Radeon RX 5500 XT, PCI Express 3.0 castrates performance?

Radeon RX 5500 XT, PCI Express 3.0 castrates performance?

With the release of Radeon RX 5500 XT, AMD has added a new piece to complete its offer of video cards based on the Navi project.

The video card is available with 4 and 8 GB of memory, but as seen in some tests carried out both internally and from other sites, iIn some games, less memory reduces performance: the 4 GB are starting to become few and for this reason we suggest to aim for the 8 GB in the future. Apparently there is more.

The German portal PCGamesHardware has tried both variants by configuring them both in PCI Express 3.0 (on a platform with Core i9-9900K) than in PCI Express 4.0 (X570 / Ryzen 5 3600), discovering an interesting detail. They recognized that when the 4 GB of VRAM becomes full, using the card on a PCIe 4.0 platform improves performance.

The 8 GB video card instead reported less marked improvements from PCIe 3.0 to 4.0, and clearly it is the 4 GB more that weighs more on the final frame rate.

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Why is this happening? When the VRAM is full, the extra data is sent via the PCIe bus to the RAM. The higher the bus speed, the faster this data exchange takes place and there are no delays in playing the next frame.

The RX 5500 XT, although inserted in a PCIe x16 slot, works at most in PCIe 4.0 x8, which guarantees a theoretical bandwidth similar to a PCIe 3.0 x16 interface.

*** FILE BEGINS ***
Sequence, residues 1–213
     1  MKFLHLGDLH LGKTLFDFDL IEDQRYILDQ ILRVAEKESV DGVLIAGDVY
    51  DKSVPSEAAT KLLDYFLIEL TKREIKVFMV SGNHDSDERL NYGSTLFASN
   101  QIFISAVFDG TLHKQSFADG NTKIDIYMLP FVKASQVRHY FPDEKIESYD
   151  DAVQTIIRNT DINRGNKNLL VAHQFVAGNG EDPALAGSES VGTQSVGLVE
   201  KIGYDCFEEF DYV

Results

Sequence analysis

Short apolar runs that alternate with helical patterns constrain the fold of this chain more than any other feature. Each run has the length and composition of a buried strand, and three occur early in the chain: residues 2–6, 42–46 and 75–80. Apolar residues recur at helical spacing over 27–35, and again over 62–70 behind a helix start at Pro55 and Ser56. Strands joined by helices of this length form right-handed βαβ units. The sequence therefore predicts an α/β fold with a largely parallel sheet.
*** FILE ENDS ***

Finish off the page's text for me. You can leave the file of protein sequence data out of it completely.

AMD said that a GPU in this segment has eight bandwidth guaranteed PCI Express lines, which is correct, but apparently games that require a lot of memory undermine the interface.

PCGamesHardware tests have shown that performance halves in memory read and write operations. Where a PCIe 4.0 x8 can reach a transfer rate of 12.5 GB / s, the PCIe 3.0 x8 stops at 6.5-6.7 GB / s.

These graphs are related to frame time and show how PCIe 3.0 impacts negatively

What do these data mean? The improvements vary according to the title and the parameters set; the 4 GB RX 5500 XT benefits from the increased bandwidth guaranteed by the new interconnection, especially in Assassin’s Creed, Far Cry and Wolfenstein Youngblood. The 8 GB variant however did not show any major improvements.

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Overall, the choice of AMD to connect this card in x8 mode can be defined as curious, especially the 4 GB version, which has more possibilities to occupy VRAM to the maximum.

Obviously not all titles will be affected by the limits of VRAM, but it still remains a handicap for future games and in part for current ones.

Those who have a Radeon RX 5700/5700 XT do not have to worry too much about any performance differences of the cards in PCIe 3.0 x16 and 4.0 x16.


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